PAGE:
Turacos (the 10 species of the Tauraco and the 2 of the Musophaga) are the only birds to possess true red and green colours, as the turaco's red pigment (turacin) and green pigment (turacoverdin) both contain copper (most birds colouring is a reflection produced by the feather structure).
The Knysna Turaco is usually seen flying between forest trees, clambering around in trees and hopping from branch to branch in search of fruit and seeds, which they swallow whole. They exist usually in pairs or small family groups and noisily defend their territory with a hoarse 'kow-kow' noise.
According to the CITES II, the Knysna Loerie is not globally threatened, but future population projections indicate it will be affected by coastal deforestation.
Source: Birds of Eden
If the forest calls your name and R&R is on the list of needs, then this spot is the perfect answer for a romantic long weekend away or a week away to relax with the girls. Elevated in the tree tops and using only natural materials, it embraces the forest by means of glass walls and sky-lit roofs, inviting the forest inside and creating a true nature forest experience for every guest.
One of the best treats at Trogon House is their Spa Room - it is a fully glassed room with a fireplace, spa bath and sauna and can be hired out in the evening for a few hours with candles, wine and a food platter to get you in the romantic mood. Being glass on every side, the spa room is tucked away in and amongst the trees, creating a private, peaceful and serene area to relax in and engage with your love or close friends. Imagine the crackling of a wood fire, the echo of the forest around, tribal beats humming gently in the background, the glow of the candles, the bubbling of the Jacuzzi and the steam of the Sauna - a journey further and further into undisturbed calm.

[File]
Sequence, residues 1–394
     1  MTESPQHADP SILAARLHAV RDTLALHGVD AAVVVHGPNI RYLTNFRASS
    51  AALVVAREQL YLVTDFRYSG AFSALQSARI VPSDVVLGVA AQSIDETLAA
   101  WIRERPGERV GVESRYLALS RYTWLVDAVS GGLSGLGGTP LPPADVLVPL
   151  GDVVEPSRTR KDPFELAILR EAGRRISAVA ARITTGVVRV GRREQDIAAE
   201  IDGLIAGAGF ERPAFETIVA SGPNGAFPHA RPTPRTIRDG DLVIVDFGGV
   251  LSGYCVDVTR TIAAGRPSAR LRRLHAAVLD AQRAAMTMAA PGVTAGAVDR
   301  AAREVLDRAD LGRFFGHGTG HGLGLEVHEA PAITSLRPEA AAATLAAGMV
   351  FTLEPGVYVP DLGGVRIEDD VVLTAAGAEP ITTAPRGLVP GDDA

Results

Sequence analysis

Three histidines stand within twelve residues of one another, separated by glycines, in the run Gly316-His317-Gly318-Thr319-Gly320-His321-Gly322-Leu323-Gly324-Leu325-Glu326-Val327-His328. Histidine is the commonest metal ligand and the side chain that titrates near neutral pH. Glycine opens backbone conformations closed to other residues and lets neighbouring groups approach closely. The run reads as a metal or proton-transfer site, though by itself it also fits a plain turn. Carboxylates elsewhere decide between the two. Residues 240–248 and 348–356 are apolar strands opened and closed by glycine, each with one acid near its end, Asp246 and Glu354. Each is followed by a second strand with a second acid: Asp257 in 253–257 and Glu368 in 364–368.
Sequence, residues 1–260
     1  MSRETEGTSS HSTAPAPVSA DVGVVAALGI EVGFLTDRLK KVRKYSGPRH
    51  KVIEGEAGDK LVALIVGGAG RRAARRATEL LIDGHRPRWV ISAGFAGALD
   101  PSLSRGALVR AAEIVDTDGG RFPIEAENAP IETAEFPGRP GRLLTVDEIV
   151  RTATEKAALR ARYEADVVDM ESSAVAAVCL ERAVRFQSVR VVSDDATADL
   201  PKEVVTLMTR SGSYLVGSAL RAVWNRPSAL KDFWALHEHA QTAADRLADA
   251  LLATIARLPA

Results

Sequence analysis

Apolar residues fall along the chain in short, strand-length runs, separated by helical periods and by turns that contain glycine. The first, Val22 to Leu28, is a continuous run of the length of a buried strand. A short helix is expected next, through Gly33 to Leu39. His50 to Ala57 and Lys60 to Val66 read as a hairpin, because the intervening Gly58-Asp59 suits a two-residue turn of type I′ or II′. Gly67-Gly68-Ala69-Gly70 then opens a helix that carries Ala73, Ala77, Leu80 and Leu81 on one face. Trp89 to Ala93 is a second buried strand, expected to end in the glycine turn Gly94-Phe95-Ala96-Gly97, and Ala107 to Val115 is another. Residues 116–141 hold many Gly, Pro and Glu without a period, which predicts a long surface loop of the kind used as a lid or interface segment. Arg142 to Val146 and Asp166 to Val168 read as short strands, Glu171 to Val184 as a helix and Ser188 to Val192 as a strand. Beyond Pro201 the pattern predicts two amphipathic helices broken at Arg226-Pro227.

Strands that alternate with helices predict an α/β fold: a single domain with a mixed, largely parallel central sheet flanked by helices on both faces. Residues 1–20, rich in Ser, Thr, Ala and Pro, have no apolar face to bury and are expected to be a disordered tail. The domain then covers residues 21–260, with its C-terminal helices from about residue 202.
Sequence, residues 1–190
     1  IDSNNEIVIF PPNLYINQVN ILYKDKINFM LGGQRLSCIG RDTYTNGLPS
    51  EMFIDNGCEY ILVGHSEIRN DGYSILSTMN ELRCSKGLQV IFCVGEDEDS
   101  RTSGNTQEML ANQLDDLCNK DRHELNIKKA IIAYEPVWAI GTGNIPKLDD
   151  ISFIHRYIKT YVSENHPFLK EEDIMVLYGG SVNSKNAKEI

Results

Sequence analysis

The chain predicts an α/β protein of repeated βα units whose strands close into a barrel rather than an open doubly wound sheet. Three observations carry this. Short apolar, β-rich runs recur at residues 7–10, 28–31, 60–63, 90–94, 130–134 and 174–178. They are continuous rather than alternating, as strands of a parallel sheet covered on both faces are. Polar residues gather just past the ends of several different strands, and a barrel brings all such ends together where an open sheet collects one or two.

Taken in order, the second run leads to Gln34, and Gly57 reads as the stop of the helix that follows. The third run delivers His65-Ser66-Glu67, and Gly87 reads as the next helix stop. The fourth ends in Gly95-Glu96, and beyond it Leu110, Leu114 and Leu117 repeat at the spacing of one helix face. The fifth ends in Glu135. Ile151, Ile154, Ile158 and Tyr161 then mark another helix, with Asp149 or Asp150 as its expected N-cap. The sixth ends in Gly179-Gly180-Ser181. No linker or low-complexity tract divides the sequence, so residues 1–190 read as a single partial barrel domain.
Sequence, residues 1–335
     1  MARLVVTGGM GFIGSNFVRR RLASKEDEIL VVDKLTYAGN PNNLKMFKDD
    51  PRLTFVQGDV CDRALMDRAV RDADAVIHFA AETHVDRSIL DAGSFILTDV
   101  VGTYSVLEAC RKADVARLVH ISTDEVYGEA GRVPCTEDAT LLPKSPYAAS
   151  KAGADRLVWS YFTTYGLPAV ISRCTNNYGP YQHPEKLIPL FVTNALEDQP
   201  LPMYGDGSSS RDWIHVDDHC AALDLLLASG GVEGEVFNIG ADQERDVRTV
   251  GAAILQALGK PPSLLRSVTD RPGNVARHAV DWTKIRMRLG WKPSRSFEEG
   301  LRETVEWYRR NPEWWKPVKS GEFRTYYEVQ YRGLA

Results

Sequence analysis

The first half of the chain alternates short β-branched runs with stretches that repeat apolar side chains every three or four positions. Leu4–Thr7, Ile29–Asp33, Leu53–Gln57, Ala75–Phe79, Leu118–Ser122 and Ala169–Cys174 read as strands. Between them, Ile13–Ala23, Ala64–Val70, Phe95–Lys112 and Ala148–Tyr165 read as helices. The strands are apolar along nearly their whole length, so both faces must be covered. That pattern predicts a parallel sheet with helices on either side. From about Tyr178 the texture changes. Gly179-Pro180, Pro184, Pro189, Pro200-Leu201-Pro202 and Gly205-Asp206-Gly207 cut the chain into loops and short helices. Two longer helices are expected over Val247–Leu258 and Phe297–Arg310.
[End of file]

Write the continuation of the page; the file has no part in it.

Their Malabar and Tomba Villas are laced in extravagance. The warm colours of the decor compliment the tones of the wooden structure, deck and natural stone accent walls. An African artefact collection that took the owners over 10 years to collect and restore is tastefully displayed amongst priceless antique indonesian furniture and fine silks, making this forest haven similar to what we would dream of as a Balinese tropical escape.
Large fireplaces in the living areas and underfloor heating in the bedrooms and bathrooms take the chill out of the winter air, while the inviting blue pool and shaded deck cools off the summer heat. The wooden walkways that link the two Villa's take one to The Forest Boma where outdoor dining can be done under the cool of the trees on a hot summers day and gently lit by the moon, stars and fire light at night.
Absorb the scent of the forest, observe the dance of the fireflies, and enjoy the serenity of being one with nature.
For more information visit the Trogon House website.
Description :Indigenous shrub to 4m with white flowers.
Flowering time :Winter - Spring
View more detailed information on this plant in our plant directory.
Lady in Red
Winemaker : Friedrich Kuhn
Description :A warm, rich Bordeaux-styled wine. This lady is seductive, sophisticated and elegant.
Aroma : This garnet red wine has an intense perfumed melange of red and black fruit with cedar undertones.
Palate : The fruit / oak balance is harmonious with soft firm tannins, cassis and plum flavours producing wine of excellent structure.
Winemaking : The blend includes all 5 of the Bordeaux varieties which are each fermented and matured separately for 14 months in 225 litre French oak.
Food Pairing : Roast lamb with garlic and rosemary.
Seeds can be sown or plants can be planted for the following herbs and veggies this month:
View our full planting plan in our resources section of our website.
We all love a chance to test our own brain capacity with brain teasers. Try see if you can figure out this one...
July's Teaser Answer :